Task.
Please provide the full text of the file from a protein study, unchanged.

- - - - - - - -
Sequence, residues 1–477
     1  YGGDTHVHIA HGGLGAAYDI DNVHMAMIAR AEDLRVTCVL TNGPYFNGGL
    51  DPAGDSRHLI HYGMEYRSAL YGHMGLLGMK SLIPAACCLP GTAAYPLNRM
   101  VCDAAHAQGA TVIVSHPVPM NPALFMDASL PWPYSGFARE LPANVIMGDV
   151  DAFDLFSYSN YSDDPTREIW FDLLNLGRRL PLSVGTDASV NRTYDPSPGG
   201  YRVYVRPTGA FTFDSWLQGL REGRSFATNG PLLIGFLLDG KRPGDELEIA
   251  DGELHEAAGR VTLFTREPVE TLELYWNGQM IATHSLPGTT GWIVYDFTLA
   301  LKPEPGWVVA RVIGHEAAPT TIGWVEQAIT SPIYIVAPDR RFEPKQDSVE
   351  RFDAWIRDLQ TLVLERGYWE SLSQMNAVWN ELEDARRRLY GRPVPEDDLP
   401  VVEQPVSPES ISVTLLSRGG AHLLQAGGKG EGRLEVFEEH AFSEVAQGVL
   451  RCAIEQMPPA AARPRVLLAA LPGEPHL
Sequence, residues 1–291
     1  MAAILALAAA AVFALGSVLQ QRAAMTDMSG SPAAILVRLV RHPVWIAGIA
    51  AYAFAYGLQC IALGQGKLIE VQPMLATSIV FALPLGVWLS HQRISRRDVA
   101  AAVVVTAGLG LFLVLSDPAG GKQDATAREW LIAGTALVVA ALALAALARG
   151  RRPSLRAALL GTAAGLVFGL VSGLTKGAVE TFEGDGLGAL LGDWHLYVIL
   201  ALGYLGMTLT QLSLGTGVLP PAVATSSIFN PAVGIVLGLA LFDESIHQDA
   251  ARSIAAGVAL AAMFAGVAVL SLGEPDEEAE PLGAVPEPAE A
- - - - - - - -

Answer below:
Sequence, residues 1–477
     1  YGGDTHVHIA HGGLGAAYDI DNVHMAMIAR AEDLRVTCVL TNGPYFNGGL
    51  DPAGDSRHLI HYGMEYRSAL YGHMGLLGMK SLIPAACCLP GTAAYPLNRM
   101  VCDAAHAQGA TVIVSHPVPM NPALFMDASL PWPYSGFARE LPANVIMGDV
   151  DAFDLFSYSN YSDDPTREIW FDLLNLGRRL PLSVGTDASV NRTYDPSPGG
   201  YRVYVRPTGA FTFDSWLQGL REGRSFATNG PLLIGFLLDG KRPGDELEIA
   251  DGELHEAAGR VTLFTREPVE TLELYWNGQM IATHSLPGTT GWIVYDFTLA
   301  LKPEPGWVVA RVIGHEAAPT TIGWVEQAIT SPIYIVAPDR RFEPKQDSVE
   351  RFDAWIRDLQ TLVLERGYWE SLSQMNAVWN ELEDARRRLY GRPVPEDDLP
   401  VVEQPVSPES ISVTLLSRGG AHLLQAGGKG EGRLEVFEEH AFSEVAQGVL
   451  RCAIEQMPPA AARPRVLLAA LPGEPHL
Sequence, residues 1–291
     1  MAAILALAAA AVFALGSVLQ QRAAMTDMSG SPAAILVRLV RHPVWIAGIA
    51  AYAFAYGLQC IALGQGKLIE VQPMLATSIV FALPLGVWLS HQRISRRDVA
   101  AAVVVTAGLG LFLVLSDPAG GKQDATAREW LIAGTALVVA ALALAALARG
   151  RRPSLRAALL GTAAGLVFGL VSGLTKGAVE TFEGDGLGAL LGDWHLYVIL
   201  ALGYLGMTLT QLSLGTGVLP PAVATSSIFN PAVGIVLGLA LFDESIHQDA
   251  ARSIAAGVAL AAMFAGVAVL SLGEPDEEAE PLGAVPEPAE A